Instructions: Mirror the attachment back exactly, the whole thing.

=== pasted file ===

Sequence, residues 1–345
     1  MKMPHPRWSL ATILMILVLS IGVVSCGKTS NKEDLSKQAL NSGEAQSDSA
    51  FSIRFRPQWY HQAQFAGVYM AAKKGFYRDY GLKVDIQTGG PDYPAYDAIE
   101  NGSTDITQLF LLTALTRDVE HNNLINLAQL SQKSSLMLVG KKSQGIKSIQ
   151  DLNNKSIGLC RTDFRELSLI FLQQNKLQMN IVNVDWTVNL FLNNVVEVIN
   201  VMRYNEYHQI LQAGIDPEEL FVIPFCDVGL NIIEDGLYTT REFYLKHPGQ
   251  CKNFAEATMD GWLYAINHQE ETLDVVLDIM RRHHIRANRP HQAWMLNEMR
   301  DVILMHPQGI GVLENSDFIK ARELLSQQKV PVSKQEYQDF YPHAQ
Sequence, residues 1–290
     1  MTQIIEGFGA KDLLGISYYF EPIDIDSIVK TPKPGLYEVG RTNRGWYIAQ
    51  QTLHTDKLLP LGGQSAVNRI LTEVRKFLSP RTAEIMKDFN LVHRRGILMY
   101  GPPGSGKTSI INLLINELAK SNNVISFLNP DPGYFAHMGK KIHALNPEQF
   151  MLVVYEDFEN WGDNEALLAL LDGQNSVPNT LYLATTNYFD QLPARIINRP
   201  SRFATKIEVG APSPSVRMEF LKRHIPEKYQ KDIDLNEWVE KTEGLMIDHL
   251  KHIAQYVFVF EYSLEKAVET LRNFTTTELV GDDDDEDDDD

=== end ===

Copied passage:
Sequence, residues 1–345
     1  MKMPHPRWSL ATILMILVLS IGVVSCGKTS NKEDLSKQAL NSGEAQSDSA
    51  FSIRFRPQWY HQAQFAGVYM AAKKGFYRDY GLKVDIQTGG PDYPAYDAIE
   101  NGSTDITQLF LLTALTRDVE HNNLINLAQL SQKSSLMLVG KKSQGIKSIQ
   151  DLNNKSIGLC RTDFRELSLI FLQQNKLQMN IVNVDWTVNL FLNNVVEVIN
   201  VMRYNEYHQI LQAGIDPEEL FVIPFCDVGL NIIEDGLYTT REFYLKHPGQ
   251  CKNFAEATMD GWLYAINHQE ETLDVVLDIM RRHHIRANRP HQAWMLNEMR
   301  DVILMHPQGI GVLENSDFIK ARELLSQQKV PVSKQEYQDF YPHAQ
Sequence, residues 1–290
     1  MTQIIEGFGA KDLLGISYYF EPIDIDSIVK TPKPGLYEVG RTNRGWYIAQ
    51  QTLHTDKLLP LGGQSAVNRI LTEVRKFLSP RTAEIMKDFN LVHRRGILMY
   101  GPPGSGKTSI INLLINELAK SNNVISFLNP DPGYFAHMGK KIHALNPEQF
   151  MLVVYEDFEN WGDNEALLAL LDGQNSVPNT LYLATTNYFD QLPARIINRP
   201  SRFATKIEVG APSPSVRMEF LKRHIPEKYQ KDIDLNEWVE KTEGLMIDHL
   251  KHIAQYVFVF EYSLEKAVET LRNFTTTELV GDDDDEDDDD